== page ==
Used Car Showdown: Lexus RC-F VS Toyota Supra
Updated: Feb 20, 2021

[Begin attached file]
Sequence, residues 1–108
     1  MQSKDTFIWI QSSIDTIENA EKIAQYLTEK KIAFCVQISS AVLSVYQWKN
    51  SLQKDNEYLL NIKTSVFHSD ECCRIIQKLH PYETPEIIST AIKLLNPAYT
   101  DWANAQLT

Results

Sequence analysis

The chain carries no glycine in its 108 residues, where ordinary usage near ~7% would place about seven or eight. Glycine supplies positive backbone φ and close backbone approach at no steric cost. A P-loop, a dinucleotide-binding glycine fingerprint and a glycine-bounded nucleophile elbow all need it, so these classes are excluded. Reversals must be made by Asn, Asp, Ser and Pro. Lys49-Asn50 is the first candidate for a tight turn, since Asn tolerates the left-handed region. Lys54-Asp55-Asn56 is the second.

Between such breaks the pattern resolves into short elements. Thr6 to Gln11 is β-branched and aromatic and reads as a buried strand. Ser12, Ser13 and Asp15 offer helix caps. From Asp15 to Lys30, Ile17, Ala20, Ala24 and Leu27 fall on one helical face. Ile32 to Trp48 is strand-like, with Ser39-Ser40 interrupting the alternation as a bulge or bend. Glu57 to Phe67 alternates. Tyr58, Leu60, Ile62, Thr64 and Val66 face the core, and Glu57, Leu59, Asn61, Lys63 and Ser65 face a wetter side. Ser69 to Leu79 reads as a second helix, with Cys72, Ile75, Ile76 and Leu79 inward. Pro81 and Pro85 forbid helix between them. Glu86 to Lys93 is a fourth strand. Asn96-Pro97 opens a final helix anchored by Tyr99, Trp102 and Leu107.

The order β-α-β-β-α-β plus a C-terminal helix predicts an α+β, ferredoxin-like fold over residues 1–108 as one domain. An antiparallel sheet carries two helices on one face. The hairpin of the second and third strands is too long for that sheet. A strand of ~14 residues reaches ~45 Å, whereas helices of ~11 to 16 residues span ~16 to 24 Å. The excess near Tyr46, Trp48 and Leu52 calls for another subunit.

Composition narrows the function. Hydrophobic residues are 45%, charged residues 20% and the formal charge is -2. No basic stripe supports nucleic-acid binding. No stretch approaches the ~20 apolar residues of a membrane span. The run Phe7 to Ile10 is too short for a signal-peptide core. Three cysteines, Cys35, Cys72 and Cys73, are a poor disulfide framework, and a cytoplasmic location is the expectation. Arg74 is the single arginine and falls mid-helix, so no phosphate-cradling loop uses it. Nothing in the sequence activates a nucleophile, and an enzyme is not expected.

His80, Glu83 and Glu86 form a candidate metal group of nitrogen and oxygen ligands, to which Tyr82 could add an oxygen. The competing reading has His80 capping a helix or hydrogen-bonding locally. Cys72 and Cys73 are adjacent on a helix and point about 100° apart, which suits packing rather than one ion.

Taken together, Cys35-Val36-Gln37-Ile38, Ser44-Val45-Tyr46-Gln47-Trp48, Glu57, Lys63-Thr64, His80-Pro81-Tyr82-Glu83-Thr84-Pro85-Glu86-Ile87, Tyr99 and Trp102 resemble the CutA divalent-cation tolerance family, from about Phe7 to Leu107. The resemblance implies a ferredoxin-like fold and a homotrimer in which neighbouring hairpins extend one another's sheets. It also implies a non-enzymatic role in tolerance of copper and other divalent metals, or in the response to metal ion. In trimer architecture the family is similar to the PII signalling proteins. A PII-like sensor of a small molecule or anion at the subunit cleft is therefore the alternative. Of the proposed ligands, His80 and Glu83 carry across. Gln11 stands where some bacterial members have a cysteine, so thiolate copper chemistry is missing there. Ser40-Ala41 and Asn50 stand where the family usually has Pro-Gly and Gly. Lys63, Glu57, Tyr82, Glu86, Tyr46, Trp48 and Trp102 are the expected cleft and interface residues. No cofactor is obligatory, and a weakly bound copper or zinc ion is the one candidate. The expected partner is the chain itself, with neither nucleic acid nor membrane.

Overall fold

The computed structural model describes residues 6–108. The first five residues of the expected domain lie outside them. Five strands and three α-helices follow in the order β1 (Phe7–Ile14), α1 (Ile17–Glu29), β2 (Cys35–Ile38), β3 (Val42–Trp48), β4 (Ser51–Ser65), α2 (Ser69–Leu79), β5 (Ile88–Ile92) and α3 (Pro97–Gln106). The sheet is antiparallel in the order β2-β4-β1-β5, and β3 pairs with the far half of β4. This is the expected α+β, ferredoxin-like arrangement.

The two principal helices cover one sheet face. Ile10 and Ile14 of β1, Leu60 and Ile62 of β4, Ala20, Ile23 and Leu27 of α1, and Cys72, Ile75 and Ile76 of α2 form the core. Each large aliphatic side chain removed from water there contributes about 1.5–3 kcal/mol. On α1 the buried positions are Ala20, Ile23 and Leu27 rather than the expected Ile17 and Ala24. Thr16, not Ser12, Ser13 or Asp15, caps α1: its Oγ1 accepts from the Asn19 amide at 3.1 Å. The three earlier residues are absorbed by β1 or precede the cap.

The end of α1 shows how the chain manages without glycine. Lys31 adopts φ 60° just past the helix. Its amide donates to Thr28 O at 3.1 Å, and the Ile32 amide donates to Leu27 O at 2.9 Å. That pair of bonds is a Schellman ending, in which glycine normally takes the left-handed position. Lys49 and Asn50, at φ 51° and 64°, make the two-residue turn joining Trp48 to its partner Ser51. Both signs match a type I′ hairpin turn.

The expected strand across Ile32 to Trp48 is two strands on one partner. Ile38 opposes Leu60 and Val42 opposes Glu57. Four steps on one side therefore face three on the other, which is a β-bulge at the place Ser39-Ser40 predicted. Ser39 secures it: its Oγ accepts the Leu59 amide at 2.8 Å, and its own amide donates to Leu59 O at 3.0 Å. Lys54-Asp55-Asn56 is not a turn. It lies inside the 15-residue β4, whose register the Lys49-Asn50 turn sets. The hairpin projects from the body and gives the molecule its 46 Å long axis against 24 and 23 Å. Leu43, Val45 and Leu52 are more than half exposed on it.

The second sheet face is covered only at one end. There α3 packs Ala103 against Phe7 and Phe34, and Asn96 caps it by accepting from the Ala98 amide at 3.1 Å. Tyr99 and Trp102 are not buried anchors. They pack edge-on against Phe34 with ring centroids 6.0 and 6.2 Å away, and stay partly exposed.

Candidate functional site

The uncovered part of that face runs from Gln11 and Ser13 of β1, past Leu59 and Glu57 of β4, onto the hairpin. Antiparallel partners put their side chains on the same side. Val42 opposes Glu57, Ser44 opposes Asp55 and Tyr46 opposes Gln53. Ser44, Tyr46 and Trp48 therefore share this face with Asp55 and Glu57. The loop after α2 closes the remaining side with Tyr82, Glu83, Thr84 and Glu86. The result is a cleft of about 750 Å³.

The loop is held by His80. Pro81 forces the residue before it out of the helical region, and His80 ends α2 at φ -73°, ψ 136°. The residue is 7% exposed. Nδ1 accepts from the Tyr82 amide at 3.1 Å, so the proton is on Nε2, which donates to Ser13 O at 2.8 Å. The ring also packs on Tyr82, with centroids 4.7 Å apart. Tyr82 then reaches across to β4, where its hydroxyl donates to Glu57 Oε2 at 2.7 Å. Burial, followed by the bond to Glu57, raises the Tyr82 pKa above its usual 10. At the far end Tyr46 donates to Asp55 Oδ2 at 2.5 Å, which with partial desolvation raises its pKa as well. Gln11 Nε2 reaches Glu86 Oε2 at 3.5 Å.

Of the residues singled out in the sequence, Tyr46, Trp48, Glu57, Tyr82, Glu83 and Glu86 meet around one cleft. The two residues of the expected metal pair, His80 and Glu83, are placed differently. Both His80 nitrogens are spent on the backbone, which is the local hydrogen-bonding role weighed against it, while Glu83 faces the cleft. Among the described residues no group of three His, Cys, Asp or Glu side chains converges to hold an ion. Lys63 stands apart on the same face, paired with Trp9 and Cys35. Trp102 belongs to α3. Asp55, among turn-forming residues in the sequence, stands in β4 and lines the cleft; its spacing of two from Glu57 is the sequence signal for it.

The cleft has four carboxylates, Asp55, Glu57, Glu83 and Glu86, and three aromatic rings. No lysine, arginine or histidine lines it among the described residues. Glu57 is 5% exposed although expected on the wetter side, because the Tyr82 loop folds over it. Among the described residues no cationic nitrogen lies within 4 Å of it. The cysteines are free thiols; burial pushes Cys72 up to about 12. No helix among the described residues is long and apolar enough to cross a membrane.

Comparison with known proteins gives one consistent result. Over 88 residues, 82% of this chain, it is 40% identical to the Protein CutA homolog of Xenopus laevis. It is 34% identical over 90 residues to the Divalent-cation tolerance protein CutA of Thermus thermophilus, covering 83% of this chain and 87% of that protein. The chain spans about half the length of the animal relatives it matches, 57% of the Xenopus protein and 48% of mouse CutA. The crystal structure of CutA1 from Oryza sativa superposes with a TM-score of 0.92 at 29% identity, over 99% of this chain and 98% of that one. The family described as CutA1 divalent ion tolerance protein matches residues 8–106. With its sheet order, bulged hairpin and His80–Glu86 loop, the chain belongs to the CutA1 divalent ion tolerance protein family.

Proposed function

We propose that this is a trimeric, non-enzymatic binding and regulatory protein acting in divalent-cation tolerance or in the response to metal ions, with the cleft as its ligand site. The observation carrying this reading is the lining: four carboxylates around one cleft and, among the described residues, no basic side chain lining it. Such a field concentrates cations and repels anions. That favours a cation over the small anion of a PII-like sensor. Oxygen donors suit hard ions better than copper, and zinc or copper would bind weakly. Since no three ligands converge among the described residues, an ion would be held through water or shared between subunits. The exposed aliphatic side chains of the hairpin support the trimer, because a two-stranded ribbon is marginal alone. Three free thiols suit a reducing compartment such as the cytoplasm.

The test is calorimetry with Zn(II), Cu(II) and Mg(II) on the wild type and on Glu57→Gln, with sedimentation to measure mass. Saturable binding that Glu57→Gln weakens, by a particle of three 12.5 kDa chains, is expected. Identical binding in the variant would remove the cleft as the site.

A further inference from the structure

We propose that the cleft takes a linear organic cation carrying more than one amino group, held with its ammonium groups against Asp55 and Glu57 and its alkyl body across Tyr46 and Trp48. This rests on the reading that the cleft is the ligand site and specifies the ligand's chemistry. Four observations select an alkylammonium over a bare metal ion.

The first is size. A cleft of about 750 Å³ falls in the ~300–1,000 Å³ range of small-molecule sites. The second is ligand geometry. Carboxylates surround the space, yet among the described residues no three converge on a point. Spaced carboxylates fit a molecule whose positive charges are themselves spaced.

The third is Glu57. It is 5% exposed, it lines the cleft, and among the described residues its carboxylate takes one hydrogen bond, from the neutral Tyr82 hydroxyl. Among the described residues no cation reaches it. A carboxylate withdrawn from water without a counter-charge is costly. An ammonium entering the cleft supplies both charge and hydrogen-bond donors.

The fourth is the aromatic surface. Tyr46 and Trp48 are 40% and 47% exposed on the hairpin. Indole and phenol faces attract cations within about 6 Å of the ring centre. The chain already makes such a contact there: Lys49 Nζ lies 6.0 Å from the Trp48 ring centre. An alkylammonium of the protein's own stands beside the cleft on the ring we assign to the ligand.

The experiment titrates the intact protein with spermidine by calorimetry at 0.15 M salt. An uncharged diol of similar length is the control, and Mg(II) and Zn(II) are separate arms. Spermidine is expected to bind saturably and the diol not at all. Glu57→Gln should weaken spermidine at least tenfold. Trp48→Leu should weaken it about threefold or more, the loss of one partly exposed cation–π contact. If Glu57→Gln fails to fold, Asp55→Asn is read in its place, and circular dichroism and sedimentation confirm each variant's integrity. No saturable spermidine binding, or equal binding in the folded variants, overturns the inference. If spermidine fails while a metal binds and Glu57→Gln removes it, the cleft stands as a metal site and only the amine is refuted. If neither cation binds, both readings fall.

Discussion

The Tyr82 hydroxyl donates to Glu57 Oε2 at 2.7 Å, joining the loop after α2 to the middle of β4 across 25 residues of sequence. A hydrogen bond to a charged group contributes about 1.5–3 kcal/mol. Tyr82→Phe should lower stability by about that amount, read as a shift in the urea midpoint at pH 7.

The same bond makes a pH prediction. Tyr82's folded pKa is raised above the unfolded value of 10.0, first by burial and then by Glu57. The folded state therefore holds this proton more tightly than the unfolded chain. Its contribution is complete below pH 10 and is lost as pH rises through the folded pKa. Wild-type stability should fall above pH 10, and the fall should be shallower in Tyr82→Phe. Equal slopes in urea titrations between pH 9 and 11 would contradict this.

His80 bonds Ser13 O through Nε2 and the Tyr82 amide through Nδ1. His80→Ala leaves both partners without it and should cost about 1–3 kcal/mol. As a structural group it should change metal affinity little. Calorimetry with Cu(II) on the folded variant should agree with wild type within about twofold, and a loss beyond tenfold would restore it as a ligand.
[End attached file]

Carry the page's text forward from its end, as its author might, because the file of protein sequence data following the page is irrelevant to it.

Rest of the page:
Two of the most polarizing Toyota products sold today are also sports cars, one is wrapped in luxury and features a big old-school V8, the other is a blend of BMW parts sharing branded with a legendary name. Both the Lexus RC-F and the new Toyota Supra can now be purchased used, while both plan on being everything an enthusiast wants in a 2-door, the truth is that only one of these cars gives you the most bang for your buck in performance, styling, value, and reliability...as a used car. For less than $50,000 in the United States, you can have your pick of lightly used Lexus RC-F's from 2015 and newer, while last year's all new Toyota Supra is a not so common sight on the used market during the COVID19 pandemic. However, before we go deeper into the comparison and stories of both cars let me just put out a few disclaimers on this showdown between these two bargain sports cars. Firstly, TeqDigest is in no way affiliated with Car Gurus or Car And Driver, both websites were used to allocate resources including actual car listings from dealers, pricing, and testing statistics; we have not received any compensation from either party but they are both two very good tools when shopping for cars both new and used. Secondly, those who are shopping for a new sports car from any make, should really buy those kinds of cars brand new when possible; as enthusiasts we all have the responsibility to voice our opinions through our purchasing power as sports cars, fast sedans, and manual transmissions continue to lose the battle to SUVs of all sizes. Finally, if you like comparisons like these and want to see more please reach out ot us on Instagram, Facebook or through email at: TeqDigest@gmail.com, all of your feedback is greatly appreciated.